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Stanbic Bank Records 30% Profit Increase

Stanbic Bank Zimbabwe has shrugged off the prevailing harsh economic environment to post an impressive profit after tax of $27.6 million for the year ended December 2017, a 30% increase from US$21.2 million recorded in the prior year.

The bank’s Chairperson, Gregory Sebborn, attributed the performance to the returns on the various interest earning instruments that the leading financial services institution invested in.

In a statement accompanying the results, Sebborn said income earned from the growing transaction volumes on the various innovative electronic channels that Stanbic Bank offers as well as good recoveries on previously downgraded facilities contributed significantly to the bank’s performance.

He said the operating environment presented a plethora of challenges such as broad money supply growth which grew by 47.97% to US$8.02 billion in October 2017 compared to USD5.42 billion in November 2016.

Sebborn said although the export performance during the first nine months of 2017 improved by an estimated 19% compared to same period in 2016, bolstered by increased gold, chrome and ferrochrome exports, other key foreign currency sources such as Foreign Direct Investment (FDI), international remittances and portfolio investments remain significantly subdued.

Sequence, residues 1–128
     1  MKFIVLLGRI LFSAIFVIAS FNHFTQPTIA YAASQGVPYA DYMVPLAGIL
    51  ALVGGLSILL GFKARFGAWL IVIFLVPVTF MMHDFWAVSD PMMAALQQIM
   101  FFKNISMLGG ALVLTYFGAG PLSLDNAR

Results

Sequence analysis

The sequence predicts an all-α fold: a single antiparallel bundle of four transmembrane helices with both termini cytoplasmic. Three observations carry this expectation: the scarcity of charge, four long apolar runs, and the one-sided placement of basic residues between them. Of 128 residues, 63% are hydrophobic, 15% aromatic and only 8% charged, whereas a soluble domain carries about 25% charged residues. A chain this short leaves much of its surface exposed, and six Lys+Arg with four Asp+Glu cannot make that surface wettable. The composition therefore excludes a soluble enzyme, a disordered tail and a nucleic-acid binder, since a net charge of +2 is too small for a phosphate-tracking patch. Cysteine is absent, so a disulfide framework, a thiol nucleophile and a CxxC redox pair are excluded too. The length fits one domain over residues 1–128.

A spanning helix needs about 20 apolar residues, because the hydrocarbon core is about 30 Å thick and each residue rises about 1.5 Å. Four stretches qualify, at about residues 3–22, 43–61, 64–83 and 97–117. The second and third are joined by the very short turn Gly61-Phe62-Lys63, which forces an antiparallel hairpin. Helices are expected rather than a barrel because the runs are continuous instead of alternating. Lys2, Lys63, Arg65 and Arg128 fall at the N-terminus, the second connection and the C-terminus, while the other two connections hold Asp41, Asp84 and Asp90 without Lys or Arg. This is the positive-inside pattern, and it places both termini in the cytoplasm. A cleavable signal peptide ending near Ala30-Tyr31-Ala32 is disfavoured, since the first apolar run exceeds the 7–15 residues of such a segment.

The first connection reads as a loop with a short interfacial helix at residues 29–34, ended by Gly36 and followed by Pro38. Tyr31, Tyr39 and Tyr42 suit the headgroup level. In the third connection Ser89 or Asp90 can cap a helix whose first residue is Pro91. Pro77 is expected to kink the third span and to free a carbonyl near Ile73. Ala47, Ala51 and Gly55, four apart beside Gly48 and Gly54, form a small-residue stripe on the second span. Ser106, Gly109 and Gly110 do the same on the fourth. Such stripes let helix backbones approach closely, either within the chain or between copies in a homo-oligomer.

“Despite these challenges in the macroeconomic environment, the Bank continued to sustain growth in profitability, closing the year with a profit after tax of USD$27.6 million which was 30% ahead of the prior period profit after tax of USD$21.2 million,” said Sebborn.

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As at 31 December 2017, Stanbic Bank’s qualifying core capital stood at US$134.3 million, up from US$106.6 million in 2016, against the regulatory minimum of US$25 million and ahead of the USD$100 million threshold set for the year 2020.

Stanbic Bank’s net lending book increased by 21% from US$273.5 million in 2016 to US$330.4 million largely driven by new assets which were written combined with the increase in facility utilisation by some counter parties who required local funding for working capital purposes.

As the country remained crippled by chronic foreign currency shortages, the Bank’s customer deposit base increased from US$701 million in 2016 to close the year at USD$1.2 billion as depositors failed to utilise their funds for settlement of foreign obligations.


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